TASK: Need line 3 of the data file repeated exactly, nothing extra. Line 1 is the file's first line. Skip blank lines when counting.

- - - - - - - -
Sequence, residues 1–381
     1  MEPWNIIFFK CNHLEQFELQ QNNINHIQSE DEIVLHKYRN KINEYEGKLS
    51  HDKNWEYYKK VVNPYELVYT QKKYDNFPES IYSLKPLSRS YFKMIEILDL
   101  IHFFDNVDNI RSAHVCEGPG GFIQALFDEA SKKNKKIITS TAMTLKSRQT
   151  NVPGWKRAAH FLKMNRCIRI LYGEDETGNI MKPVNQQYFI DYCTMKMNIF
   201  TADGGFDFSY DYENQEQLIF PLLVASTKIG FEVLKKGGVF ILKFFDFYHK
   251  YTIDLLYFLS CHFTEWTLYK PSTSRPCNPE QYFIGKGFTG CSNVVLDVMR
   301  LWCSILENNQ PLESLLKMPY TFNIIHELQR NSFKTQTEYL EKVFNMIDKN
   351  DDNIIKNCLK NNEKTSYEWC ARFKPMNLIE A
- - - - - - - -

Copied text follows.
    51  HDKNWEYYKK VVNPYELVYT QKKYDNFPES IYSLKPLSRS YFKMIEILDL